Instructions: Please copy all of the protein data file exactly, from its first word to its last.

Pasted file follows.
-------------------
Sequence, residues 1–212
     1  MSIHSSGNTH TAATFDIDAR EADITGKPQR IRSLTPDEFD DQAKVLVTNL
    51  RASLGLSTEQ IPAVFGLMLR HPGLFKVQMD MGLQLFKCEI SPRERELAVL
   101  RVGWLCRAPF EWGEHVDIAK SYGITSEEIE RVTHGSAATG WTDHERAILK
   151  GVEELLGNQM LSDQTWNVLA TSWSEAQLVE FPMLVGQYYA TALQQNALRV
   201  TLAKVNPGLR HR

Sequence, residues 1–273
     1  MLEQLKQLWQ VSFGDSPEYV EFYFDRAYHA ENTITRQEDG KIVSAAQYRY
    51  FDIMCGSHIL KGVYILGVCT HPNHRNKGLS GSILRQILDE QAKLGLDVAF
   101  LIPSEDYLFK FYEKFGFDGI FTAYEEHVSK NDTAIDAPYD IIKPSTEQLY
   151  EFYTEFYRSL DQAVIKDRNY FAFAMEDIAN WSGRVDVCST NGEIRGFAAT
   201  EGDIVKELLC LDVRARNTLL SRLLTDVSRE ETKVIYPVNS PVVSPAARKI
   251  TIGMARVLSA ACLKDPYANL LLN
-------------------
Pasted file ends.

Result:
Sequence, residues 1–212
     1  MSIHSSGNTH TAATFDIDAR EADITGKPQR IRSLTPDEFD DQAKVLVTNL
    51  RASLGLSTEQ IPAVFGLMLR HPGLFKVQMD MGLQLFKCEI SPRERELAVL
   101  RVGWLCRAPF EWGEHVDIAK SYGITSEEIE RVTHGSAATG WTDHERAILK
   151  GVEELLGNQM LSDQTWNVLA TSWSEAQLVE FPMLVGQYYA TALQQNALRV
   201  TLAKVNPGLR HR

Sequence, residues 1–273
     1  MLEQLKQLWQ VSFGDSPEYV EFYFDRAYHA ENTITRQEDG KIVSAAQYRY
    51  FDIMCGSHIL KGVYILGVCT HPNHRNKGLS GSILRQILDE QAKLGLDVAF
   101  LIPSEDYLFK FYEKFGFDGI FTAYEEHVSK NDTAIDAPYD IIKPSTEQLY
   151  EFYTEFYRSL DQAVIKDRNY FAFAMEDIAN WSGRVDVCST NGEIRGFAAT
   201  EGDIVKELLC LDVRARNTLL SRLLTDVSRE ETKVIYPVNS PVVSPAARKI
   251  TIGMARVLSA ACLKDPYANL LLN